Molson Mill, Port Hope, Ontario


In the early days of Port Hope, obtaining flour was extremely difficult. Grains had to be sent by boat to the nearest grist mill located in Kingston. By 1794 the Myer’s Mill was operational in Belleville and shortened this boat trip by forty miles.

Around 1797, a crown land patent was granted to Elias Smith and Jonathon Walton on condition that with “all reasonable diligence erect a grist mill and a saw mill” in Port Hope. Around this time Smith’s Creek (Port Hope) lands were partially cleared and had begun to produce grain. It became imperative that a local grist mill be established. By 1795 an attempt was made to construct a mill on Mill Street, this attempt failed several times. Three years later the Salter’s Flouring mill was completed on the West side of Mill Street and a saw mill was established on the east side of the creek (Ganaraska River) near the lake. A bit later in time there were five or six large distilleries along the river and some of them had a high reputation country wide and overseas. By 1818, Johaida Boyce had built his mill on the Ganaraska River near Dale Road.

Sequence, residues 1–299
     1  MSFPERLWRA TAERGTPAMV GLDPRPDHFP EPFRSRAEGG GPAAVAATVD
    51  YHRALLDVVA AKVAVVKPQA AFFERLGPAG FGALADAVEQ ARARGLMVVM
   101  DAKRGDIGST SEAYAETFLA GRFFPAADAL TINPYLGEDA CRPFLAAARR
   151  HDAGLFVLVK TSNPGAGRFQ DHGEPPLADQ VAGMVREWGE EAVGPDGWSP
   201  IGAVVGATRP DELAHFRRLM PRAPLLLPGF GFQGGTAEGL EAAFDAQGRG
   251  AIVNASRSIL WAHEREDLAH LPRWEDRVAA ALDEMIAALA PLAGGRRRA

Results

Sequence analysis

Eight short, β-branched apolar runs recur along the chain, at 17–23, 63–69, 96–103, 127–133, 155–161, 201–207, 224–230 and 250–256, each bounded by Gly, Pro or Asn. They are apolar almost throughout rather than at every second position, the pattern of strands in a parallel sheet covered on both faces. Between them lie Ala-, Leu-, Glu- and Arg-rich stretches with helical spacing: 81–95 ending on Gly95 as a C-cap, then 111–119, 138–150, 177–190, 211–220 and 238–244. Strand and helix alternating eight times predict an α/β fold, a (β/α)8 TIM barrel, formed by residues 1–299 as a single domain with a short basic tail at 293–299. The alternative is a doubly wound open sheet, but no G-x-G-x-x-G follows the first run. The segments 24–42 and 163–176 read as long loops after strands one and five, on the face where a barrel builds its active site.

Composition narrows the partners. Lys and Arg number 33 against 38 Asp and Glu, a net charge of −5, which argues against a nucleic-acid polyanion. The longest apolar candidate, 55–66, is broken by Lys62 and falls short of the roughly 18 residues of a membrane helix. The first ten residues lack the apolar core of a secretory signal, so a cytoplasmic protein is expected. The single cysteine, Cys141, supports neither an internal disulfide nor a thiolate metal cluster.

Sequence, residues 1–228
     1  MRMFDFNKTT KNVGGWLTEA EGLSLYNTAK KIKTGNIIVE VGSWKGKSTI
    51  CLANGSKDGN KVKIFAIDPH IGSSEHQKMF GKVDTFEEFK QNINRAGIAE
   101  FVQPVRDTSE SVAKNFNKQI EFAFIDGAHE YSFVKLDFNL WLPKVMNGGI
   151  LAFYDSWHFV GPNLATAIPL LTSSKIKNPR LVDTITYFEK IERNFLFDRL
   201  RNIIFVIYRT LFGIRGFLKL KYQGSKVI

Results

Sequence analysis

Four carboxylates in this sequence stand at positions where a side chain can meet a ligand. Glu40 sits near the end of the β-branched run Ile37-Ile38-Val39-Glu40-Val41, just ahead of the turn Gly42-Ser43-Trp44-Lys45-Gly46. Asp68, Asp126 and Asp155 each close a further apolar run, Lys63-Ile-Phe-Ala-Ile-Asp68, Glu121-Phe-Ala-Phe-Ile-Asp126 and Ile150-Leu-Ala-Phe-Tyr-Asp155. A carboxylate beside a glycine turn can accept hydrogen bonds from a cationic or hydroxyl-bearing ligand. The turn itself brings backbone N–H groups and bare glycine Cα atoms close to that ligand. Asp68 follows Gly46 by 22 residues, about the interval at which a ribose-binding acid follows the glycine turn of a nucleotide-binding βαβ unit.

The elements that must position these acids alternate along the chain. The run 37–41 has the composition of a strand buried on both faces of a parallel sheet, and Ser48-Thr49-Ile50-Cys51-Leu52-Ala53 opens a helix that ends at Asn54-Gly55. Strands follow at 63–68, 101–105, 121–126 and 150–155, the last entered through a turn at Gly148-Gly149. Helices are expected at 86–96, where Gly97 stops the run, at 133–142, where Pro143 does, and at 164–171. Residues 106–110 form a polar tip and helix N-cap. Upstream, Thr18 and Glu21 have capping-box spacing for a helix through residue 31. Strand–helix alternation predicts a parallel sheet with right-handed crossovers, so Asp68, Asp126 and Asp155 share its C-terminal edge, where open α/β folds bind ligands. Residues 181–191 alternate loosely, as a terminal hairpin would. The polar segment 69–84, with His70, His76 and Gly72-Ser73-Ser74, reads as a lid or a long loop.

Port Hope was originally called Smith’s Creak and later Toronto. In 1819 a public meeting was called and it was voted to change the name Toronto to Port Hope. Thomas Molson bought the property in 1851. This purchase included a brewery, Crawford’s distillery, a flour mill capable of 300 barrels per day, a saw mill capable of turning out 6000 ft of lumber a day and a stave factory, producing 7000 staves per day (staves were used to produce flour barrels). Also included was a lath and picket (fence) factory, a planing machine and the mill pond and dam.